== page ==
Jerzy Grotowski
Jerzy Grotowski's First Lecture at the Collège de France

Editor: (Owen Daly) Allen Kuharski is a Professor of English and Director of Theater Studies at Swarthmore College. He is interested in both Grotowski and Witold Gombrowicz, the Polish author and playwright. This is his report of a prestigious lecture that Grotowski delivered in 1997, less than two years before his death.  It represents something of a summation of his work and thoughts. This article is published in both journals: 'Periphery', No. 1/2, Vol 3 and 'Slavic and East European Performance', Summer 1997, Vol. 17, No. 3

Jerzy Grotowski's First Lecture at the Collège de France
by Allen J. Kuharski

      ..It was announced that Polish stage director and theorist Jerzy Grotowski (b. 1933) would be given a chair at the prestigious Collège de France in Paris. In addition to the honorific nature of the position, each faculty member of the Collège is expected to give a series of public lectures over several years. Past faculty have included Roland Barthes and Michel Foucault, whose lectures helped to define an era in French intellectual life. Grotowski's inaugural lecture on March 24, 1997, was at once laden with historical symbolism and a sign of change in the institution's traditions.

     Grotowski is the first Pole named to the Collège de France since the poet and playwright Adam Mickiewicz (1798-1855) gained both artistic fame and political notoriety for his lectures there in the 1840s. Mickiewicz was named to the Collège's first chair in Slavic literature, and his lectures proved a popular sensation with the Parisian public. The poet's unorthodox mixture of religious mysticism and progressive politics in the lectures made both the Roman Catholic Church and the French government uncomfortable, and he was eventually removed from the position. Grotowski has regularly invoked Mickiewicz as a defining influence throughout his theatrical career, a connection whose significance has been rarely grasped outside of Poland. Whether by coincidence or design, Grotowski's nomination thus carries a symbolic charge for Poles that is not to be underestimated. The subject of the artistic relationship of Grotowski to Mickiewicz is fascinating and little discussed--and perhaps one whose time has come.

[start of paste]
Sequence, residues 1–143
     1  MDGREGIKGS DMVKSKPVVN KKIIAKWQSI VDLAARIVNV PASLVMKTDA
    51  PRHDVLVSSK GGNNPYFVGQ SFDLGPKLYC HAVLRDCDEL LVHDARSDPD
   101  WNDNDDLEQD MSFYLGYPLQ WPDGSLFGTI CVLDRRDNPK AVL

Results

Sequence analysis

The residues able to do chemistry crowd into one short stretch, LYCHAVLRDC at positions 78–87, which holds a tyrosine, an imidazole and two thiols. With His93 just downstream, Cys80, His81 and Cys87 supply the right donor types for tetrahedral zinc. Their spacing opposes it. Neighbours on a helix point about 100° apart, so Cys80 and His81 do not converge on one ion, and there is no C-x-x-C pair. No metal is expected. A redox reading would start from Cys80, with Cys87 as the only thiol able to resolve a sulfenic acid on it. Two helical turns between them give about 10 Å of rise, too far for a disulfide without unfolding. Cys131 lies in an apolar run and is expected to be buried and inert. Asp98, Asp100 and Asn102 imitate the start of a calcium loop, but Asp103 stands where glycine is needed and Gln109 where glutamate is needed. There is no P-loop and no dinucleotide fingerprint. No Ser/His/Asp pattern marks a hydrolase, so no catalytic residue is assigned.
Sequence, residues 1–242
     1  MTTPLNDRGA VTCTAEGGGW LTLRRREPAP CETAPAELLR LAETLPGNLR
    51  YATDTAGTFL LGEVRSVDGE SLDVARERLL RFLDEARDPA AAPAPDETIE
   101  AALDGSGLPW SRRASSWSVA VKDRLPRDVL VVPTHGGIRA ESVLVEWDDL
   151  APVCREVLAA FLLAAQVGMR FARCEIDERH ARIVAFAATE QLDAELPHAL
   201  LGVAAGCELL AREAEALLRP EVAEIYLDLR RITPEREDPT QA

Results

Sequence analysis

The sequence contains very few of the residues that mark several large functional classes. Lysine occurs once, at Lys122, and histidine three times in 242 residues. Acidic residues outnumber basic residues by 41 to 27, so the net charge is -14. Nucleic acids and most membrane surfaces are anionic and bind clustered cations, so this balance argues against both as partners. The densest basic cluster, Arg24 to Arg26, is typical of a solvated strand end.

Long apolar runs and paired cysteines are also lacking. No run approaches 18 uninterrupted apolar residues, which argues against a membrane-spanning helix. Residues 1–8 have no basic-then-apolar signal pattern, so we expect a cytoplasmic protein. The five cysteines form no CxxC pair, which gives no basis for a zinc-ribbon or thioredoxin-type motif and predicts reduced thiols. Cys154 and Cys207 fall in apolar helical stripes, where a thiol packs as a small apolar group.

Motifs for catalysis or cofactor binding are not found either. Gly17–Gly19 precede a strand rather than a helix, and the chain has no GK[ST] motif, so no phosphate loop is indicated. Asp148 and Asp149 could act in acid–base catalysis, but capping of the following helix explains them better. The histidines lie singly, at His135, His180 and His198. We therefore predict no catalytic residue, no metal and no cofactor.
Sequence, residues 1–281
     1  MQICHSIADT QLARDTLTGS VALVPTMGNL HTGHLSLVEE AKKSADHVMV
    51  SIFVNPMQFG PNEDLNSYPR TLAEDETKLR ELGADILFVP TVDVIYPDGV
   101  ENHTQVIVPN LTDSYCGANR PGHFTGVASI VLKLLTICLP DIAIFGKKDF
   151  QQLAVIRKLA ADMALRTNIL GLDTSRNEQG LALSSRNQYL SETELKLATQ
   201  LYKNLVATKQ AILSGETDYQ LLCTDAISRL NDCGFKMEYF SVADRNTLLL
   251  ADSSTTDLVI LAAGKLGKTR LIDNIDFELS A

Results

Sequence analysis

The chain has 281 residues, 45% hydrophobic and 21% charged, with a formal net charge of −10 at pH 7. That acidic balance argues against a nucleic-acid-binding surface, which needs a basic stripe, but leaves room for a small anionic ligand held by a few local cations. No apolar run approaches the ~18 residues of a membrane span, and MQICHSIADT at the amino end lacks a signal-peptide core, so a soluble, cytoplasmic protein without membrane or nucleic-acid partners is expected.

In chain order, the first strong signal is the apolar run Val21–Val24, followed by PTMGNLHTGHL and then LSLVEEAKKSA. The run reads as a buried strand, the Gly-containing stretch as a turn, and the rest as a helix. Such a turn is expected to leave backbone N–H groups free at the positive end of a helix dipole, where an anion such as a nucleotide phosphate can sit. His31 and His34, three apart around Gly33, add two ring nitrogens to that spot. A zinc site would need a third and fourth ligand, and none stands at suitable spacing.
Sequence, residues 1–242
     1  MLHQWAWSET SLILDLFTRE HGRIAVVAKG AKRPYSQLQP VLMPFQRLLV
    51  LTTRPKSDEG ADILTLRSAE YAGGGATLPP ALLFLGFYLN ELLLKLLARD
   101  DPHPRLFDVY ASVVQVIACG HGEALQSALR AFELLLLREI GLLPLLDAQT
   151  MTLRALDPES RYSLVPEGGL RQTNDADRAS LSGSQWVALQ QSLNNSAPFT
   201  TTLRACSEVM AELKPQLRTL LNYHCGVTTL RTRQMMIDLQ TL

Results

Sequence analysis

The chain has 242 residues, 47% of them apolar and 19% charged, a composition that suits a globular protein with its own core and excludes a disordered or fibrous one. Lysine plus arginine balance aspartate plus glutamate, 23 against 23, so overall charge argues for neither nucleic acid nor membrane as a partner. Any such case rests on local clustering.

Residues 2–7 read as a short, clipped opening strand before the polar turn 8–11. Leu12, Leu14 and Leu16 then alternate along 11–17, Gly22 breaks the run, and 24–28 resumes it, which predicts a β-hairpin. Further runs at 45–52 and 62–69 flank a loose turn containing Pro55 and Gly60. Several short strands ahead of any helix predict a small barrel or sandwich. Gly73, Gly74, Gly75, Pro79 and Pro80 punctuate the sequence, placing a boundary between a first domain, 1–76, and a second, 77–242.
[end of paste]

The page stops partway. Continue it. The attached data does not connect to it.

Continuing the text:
Perhaps more significant is the fact that Grotowski is the first theatrical director/theorist of any nationality to be named to the Collège de France. In a further departure from tradition, Grotowski will deliver his lectures in various Paris theatres--the first given in Peter Brook's Théâtre Bouffes du Nord, and the second in the Odéon. The audacity of this move--presumably Grotowski's own suggestion--was contrasted by the modesty and informality of the director's personal presence at the inaugural lecture. In spite of the packed auditorium and considerable media coverage of the event, Grotowski arrived in a rumpled black suit, carrying a backpack from which he removed his few handwritten notes and the cigarettes that seemingly preoccupied him throughout the lecture.

     Grotowski's first lecture provided a critical overview of his theoretical and practical work with actors. It was punctuated with alternating clips of his own landmark productions of Stanislaw Wyspianski's "Akropolis" and Calderon de la Barca's "The Constant Prince" (in Juliusz Slowacki's Polish version) with Maya Deren's 1951 documentary film on voudun "Divine Horsemen: The Living Gods of Haiti." Grotowski thus emphasized the continuity between his early work with the Polish Laboratory Theatre and his current investigations, acknowledging the importance of such early collaborators as dramaturg Ludwik Flaszen, designer Jozef Szajna, and actor Ryszard Cieslak. He also acknowledged the growing importance of his young American collaborator, Thomas Richards, the author of the recently published book "At Work With Grotowski on Physical Actions," and the director's partner and heir apparent in the running of his Workcenter in Pontedera, Italy.